Northrop Grumman Has Some Serious Plans for America's AEGIS Missile Defense System
The Navy is accelerating work on an emerging multi-function phased array radar able to perform multiple functions simultaneously and perform automatic tracking and detection.
The Navy’s AN/SPY-1 can also track more than 100 targets, developers said.
The maritime weapons system received another financial boost yesterday when the Navy awarded Northrop Grumman a $15 million contract to support the Aegis combat system. Services include engineering, computer programming, and other post-event analyses for the numerous ships that sport Aegis.
The system is a centralized and automated weapons control system. As a total weapons system, Aegis can search, detect, target and kill at the same time.
Most of the Navy’s fleet has received the Aegis system or Aegis upgrades over the past year. Lockheed Martin — the system’s original developer — has been boosting anti-air warfare and ballistic missile defense capabilities on destroyers, cruisers, and aircraft carriers. The company recently received a $77 million contract modification to modify and stabilize the Aegis computer program’s software and other related actions.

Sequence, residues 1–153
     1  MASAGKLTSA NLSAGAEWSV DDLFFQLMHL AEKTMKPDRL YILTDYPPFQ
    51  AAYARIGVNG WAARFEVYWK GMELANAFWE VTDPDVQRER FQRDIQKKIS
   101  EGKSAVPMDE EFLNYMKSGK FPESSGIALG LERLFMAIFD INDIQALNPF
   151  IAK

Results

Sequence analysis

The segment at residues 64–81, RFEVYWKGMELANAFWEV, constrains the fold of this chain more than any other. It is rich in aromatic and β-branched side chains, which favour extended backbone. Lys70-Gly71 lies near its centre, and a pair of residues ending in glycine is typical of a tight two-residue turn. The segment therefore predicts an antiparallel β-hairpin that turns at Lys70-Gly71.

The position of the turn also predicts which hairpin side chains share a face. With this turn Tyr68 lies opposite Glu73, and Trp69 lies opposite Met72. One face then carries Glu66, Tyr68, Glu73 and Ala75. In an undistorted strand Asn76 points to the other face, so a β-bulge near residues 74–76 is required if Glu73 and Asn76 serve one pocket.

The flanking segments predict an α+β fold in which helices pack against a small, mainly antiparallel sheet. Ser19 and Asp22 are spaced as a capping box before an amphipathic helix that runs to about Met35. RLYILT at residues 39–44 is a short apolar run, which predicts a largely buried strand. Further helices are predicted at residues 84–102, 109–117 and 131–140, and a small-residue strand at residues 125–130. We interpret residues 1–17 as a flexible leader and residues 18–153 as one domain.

Additional contract options could push the cumulative value to more than $22 million. The Navy obligated $60,000 at the time of the award. Contract funds won’t expire at year’s end. Most of the contract concerns Navy purchases, but a small percentage does include foreign military sales to governments like Norway, South Korea, Spain, Bahrain, Italy, Australia and Japan.
Work will be performed in Port Hueneme, California, and at various other U.S. sites. It is expected to be completed by January 2018. The Naval Surface Warfare Center in Port Hueneme, California, is the contracting activity.
This first appeared in DefenseSystems here.